Metro Parks board will decide whether to ask voters for $198 million

Staff writerFebruary 11, 2014 

A $198 million bond issue was touted Monday night as a way to preserve an outdoors legacy for future generations of Tacoma area residents, including significant upgrades at Point Defiance Zoo & Aquarium and a wide range of work at regional and neighborhood parks.

About a dozen people spoke in favor of the Metro Parks Tacoma bond issue proposal — the first in nearly a decade — at Monday’s parks board meeting. The board will decide at its next meeting Feb. 24 whether to place the bond on the April 22 ballot.

Metro Parks Deputy Executive Director Steve Knauer said the agency had done extensive outreach and research into what Tacomans want in their parks.

“They like what they see. They like what they touch. They want more and want to preserve what we have,” he said.

When taxpayers approved a $84.3 million bond issue in 2005 by nearly a two-to-one margin, it was presented as the first request of more to come. At the time, Metro Parks officials said it would pay for roughly a third of the long-term parks needs they had identified — and now they’ve identified even more.

So it should come as no surprise that voters are being approached again, this time to approve a nearly $200 million bond issue. Projects include replacement of the Zoo & Aquarium’s 51-year-old North Pacific Aquarium and updates to the Polar Bear and Rocky Shores exhibits, adding artificial turf for athletic fields, continuing preservation efforts for the WW Seymour Botanical Conservatory in Wright Park, and improvements at dozens of neighborhood parks throughout the city.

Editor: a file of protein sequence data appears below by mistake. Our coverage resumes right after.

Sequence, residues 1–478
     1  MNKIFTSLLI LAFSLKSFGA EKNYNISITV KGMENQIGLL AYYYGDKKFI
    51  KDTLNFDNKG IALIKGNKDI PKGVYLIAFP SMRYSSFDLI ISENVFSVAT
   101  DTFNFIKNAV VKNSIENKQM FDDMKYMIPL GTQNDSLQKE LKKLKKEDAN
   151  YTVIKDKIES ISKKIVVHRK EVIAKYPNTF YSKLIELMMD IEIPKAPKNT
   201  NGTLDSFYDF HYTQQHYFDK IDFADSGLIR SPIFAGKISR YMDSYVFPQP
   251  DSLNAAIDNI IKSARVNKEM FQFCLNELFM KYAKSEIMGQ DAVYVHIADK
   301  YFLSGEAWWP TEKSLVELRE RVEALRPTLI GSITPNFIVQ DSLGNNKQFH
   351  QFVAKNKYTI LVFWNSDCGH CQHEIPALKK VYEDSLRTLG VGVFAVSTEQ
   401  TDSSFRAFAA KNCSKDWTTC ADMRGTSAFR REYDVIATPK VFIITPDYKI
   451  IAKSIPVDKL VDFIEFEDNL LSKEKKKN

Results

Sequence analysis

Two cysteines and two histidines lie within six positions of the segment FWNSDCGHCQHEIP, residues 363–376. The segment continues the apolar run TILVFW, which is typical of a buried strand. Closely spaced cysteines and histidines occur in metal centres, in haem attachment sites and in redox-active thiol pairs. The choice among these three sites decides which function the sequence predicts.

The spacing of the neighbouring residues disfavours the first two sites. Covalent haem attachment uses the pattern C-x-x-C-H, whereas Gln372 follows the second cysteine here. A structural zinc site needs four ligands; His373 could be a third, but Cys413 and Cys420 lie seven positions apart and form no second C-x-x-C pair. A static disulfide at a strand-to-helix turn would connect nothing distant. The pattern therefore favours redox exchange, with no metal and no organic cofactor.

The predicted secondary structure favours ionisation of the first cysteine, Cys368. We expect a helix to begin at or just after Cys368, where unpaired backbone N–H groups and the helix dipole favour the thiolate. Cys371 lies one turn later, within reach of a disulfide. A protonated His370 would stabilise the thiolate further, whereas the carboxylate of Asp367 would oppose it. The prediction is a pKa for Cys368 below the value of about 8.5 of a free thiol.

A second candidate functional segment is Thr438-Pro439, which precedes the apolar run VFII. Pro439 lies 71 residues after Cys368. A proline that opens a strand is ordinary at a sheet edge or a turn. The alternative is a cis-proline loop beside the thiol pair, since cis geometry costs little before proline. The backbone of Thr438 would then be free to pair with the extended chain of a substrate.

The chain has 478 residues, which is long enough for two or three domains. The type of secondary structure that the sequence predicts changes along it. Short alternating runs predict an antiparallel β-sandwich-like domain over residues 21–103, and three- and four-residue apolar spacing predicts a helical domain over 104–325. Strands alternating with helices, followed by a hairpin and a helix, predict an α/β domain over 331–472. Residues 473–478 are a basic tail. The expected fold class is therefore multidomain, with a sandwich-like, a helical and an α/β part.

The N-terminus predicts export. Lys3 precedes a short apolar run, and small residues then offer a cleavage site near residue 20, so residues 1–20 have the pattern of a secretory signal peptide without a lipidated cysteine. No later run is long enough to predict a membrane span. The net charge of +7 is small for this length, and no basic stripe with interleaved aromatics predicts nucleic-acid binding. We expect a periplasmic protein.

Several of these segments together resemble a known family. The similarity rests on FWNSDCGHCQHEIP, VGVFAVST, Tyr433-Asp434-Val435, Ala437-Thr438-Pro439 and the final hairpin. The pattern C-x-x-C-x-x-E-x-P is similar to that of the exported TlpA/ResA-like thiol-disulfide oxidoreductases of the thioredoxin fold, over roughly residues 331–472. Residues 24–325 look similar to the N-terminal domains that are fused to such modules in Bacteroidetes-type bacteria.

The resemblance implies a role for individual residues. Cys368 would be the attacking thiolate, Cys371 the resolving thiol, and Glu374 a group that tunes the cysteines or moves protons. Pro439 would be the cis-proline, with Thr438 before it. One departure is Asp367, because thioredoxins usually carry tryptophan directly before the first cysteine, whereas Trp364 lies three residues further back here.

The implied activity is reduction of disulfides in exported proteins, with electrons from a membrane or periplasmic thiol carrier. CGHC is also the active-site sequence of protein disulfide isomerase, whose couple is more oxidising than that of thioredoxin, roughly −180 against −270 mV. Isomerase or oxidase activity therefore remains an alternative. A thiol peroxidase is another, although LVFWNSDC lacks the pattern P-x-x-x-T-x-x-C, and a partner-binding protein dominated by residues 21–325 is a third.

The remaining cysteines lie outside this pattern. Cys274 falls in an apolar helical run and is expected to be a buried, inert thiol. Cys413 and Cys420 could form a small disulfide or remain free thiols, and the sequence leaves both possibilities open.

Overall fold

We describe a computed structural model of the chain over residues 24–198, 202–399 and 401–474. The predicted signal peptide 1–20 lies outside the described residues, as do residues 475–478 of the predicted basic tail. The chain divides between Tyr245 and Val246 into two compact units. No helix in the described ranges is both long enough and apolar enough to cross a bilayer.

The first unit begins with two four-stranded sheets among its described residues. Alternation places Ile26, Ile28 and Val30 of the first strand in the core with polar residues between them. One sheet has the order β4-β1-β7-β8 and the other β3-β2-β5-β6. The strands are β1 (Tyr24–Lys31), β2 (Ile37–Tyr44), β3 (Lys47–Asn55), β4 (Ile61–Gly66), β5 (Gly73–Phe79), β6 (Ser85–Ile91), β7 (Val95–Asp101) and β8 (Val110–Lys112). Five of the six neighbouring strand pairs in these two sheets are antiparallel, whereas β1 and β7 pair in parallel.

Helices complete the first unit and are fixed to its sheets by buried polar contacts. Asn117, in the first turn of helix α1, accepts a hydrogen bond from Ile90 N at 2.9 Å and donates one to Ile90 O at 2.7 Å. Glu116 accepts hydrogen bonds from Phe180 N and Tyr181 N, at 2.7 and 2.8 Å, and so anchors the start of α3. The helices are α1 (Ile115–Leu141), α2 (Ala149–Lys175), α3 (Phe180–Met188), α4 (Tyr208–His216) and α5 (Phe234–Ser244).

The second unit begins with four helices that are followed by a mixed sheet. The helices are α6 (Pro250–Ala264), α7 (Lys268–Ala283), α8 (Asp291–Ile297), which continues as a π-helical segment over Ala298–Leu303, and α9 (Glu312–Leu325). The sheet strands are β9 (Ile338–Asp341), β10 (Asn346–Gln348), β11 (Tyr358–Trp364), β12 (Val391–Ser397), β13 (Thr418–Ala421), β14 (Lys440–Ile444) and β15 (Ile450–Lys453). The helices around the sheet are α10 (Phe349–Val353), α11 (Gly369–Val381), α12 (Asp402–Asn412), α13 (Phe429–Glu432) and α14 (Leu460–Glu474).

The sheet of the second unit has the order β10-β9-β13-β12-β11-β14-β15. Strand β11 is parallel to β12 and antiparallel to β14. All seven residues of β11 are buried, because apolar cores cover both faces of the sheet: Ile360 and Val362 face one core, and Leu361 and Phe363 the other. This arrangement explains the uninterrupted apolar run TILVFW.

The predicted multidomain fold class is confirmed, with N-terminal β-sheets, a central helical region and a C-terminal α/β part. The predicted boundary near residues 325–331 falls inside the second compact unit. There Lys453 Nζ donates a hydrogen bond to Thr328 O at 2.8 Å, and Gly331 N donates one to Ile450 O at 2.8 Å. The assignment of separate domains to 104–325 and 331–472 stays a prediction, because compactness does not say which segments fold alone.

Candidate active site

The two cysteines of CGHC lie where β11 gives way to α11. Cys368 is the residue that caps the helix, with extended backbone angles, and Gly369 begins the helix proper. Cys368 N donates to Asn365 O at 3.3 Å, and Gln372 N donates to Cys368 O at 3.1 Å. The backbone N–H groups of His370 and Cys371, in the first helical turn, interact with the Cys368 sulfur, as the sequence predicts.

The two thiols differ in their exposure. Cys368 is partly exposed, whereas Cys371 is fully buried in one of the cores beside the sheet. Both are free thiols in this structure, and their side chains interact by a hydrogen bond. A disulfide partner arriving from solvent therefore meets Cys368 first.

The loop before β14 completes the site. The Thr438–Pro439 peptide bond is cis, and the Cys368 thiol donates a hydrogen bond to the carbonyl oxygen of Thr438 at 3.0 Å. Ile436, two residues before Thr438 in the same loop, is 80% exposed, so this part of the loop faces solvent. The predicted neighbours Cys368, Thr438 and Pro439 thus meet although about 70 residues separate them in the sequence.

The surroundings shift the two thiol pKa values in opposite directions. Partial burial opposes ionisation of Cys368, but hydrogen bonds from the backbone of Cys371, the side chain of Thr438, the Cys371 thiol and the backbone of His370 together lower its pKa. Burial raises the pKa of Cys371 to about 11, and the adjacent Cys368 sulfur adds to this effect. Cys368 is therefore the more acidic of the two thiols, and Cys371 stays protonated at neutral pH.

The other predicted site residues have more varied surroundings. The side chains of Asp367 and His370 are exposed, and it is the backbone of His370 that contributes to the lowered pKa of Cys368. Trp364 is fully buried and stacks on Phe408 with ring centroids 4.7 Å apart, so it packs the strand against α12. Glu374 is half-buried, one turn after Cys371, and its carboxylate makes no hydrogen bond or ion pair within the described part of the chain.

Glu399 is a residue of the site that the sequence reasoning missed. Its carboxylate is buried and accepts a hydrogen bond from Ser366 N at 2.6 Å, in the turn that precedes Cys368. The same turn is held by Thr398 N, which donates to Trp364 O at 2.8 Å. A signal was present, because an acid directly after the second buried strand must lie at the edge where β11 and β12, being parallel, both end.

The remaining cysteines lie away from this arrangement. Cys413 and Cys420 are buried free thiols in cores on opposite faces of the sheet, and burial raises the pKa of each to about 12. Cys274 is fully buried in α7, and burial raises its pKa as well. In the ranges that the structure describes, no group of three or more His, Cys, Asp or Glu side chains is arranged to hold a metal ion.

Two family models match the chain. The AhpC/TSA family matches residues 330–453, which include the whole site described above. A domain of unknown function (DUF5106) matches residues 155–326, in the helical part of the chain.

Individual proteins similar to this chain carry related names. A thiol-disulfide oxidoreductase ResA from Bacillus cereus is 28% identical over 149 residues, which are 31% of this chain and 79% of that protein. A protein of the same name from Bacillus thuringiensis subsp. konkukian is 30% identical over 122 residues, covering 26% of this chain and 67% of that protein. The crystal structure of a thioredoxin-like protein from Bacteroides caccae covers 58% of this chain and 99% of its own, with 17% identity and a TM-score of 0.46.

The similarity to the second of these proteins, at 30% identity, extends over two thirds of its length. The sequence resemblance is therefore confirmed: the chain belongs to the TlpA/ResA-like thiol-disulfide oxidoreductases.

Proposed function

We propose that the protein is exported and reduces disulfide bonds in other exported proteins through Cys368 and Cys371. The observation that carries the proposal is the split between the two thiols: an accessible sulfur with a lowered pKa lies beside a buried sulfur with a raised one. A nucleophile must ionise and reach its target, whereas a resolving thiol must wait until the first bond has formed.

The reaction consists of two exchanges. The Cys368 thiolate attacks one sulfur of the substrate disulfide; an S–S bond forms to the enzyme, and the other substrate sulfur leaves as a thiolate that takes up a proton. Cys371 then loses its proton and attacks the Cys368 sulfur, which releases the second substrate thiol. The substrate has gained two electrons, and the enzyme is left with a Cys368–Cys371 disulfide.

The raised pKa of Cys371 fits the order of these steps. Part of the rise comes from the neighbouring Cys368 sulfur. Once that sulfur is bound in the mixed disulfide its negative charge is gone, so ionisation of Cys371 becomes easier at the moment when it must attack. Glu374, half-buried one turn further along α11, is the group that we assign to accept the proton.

The proposal also includes a community center for Tacoma’s East Side, a facility that Shalisa Hayes said her son, Billy Ray Shirley III, asked for before he was killed by gang violence two years ago.

It’s likely the center wouldn’t be built in time for current teens to enjoy, Hayes said Monday. “(The teens) started talking about how this would help their younger children and possibly their siblings.”

When the smaller bond measure was approved nearly a decade ago, part of the funds paid for the creation of master plans, which help the agency decide how to maintain and improve facilities over the next 20 years. Such long-range planning takes population growth into consideration, as well as changing standards for the zoo and aquarium.

“Our capital needs now, as we have done our work, is closer to $500 million,” Knauer said in an interview last week.

Property owners in the park district are currently paying about $40 per year for every $100,000 in property value. Chief Financial Officer Brett Freshwaters said that debt will be retired in 2030.

If the proposed bond issue passes, owners would pay an additional $58 per year for each $100,000 in property value. Freshwaters said this series of bonds would be paid off in 2042.

It could take 10 or 12 years to complete all the projects covered by the proposed bond issue, Knauer said.

Curt Mehlhoff of Tacoma, the sole critic at Monday’s meeting, said he did not believe the bond issue was a wise use of taxpayer dollars. He said the plan was not specific enough for the amount of money that would be spent.

“There is no obligation for the Parks Department to complete anything (it says it is) going to do,” he said. “People are wanting and wishing that it’s so. We are back to Walt Disney and wishing for things to come true.”

Parks officials say the last projects from the 2005 bond issue will be completed this year; among them are a spray park at the South End Recreation and Adventure Campus and mountain bike trails in Swan Creek Park.

Kate Martin: 253-597-8542

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